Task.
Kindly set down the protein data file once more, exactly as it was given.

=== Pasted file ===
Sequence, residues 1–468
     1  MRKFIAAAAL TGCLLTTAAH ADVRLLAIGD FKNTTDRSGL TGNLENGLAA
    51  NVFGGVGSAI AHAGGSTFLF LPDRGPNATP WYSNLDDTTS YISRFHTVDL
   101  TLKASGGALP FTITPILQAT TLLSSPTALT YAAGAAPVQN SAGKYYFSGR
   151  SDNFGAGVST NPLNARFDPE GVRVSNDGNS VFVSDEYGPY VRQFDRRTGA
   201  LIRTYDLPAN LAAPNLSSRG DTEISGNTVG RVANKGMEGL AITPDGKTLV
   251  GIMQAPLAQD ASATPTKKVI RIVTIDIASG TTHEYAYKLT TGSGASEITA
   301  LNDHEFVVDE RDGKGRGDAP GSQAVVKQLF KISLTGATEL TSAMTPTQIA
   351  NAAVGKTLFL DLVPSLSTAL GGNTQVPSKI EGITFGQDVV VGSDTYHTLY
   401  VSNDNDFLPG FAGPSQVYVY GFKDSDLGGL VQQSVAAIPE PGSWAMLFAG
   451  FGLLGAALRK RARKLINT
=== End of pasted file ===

Sequence, residues 1–468
     1  MRKFIAAAAL TGCLLTTAAH ADVRLLAIGD FKNTTDRSGL TGNLENGLAA
    51  NVFGGVGSAI AHAGGSTFLF LPDRGPNATP WYSNLDDTTS YISRFHTVDL
   101  TLKASGGALP FTITPILQAT TLLSSPTALT YAAGAAPVQN SAGKYYFSGR
   151  SDNFGAGVST NPLNARFDPE GVRVSNDGNS VFVSDEYGPY VRQFDRRTGA
   201  LIRTYDLPAN LAAPNLSSRG DTEISGNTVG RVANKGMEGL AITPDGKTLV
   251  GIMQAPLAQD ASATPTKKVI RIVTIDIASG TTHEYAYKLT TGSGASEITA
   301  LNDHEFVVDE RDGKGRGDAP GSQAVVKQLF KISLTGATEL TSAMTPTQIA
   351  NAAVGKTLFL DLVPSLSTAL GGNTQVPSKI EGITFGQDVV VGSDTYHTLY
   401  VSNDNDFLPG FAGPSQVYVY GFKDSDLGGL VQQSVAAIPE PGSWAMLFAG
   451  FGLLGAALRK RARKLINT